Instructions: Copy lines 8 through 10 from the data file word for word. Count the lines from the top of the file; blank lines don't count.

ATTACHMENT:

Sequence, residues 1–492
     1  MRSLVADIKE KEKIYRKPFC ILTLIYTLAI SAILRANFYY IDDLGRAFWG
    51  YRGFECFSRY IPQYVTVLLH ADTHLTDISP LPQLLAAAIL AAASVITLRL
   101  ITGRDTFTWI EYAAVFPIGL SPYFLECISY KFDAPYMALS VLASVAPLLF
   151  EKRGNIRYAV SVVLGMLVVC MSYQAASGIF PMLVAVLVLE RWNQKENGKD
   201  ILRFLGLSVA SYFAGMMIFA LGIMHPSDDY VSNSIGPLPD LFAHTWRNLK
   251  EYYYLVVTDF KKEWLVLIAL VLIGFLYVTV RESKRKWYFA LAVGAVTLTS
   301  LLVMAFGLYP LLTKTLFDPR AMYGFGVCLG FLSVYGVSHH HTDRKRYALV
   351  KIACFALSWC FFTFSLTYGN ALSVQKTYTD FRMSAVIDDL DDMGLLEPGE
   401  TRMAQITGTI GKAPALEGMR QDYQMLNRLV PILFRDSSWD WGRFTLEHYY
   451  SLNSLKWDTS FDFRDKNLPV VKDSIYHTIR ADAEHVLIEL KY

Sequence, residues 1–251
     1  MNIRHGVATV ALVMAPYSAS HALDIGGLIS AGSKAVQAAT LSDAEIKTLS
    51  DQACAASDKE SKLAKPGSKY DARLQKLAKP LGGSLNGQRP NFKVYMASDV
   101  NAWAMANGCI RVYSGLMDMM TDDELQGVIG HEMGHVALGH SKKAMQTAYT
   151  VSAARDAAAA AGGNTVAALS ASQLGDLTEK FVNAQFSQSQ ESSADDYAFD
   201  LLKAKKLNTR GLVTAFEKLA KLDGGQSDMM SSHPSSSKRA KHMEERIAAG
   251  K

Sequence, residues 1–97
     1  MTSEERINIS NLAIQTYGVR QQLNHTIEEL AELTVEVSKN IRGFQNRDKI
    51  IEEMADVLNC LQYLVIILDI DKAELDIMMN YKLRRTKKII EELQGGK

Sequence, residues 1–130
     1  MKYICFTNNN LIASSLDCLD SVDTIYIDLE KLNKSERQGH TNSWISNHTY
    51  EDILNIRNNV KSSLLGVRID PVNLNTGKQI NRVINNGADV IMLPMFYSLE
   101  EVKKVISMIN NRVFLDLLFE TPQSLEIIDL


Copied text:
   301  LLVMAFGLYP LLTKTLFDPR AMYGFGVCLG FLSVYGVSHH HTDRKRYALV
   351  KIACFALSWC FFTFSLTYGN ALSVQKTYTD FRMSAVIDDL DDMGLLEPGE
   401  TRMAQITGTI GKAPALEGMR QDYQMLNRLV PILFRDSSWD WGRFTLEHYY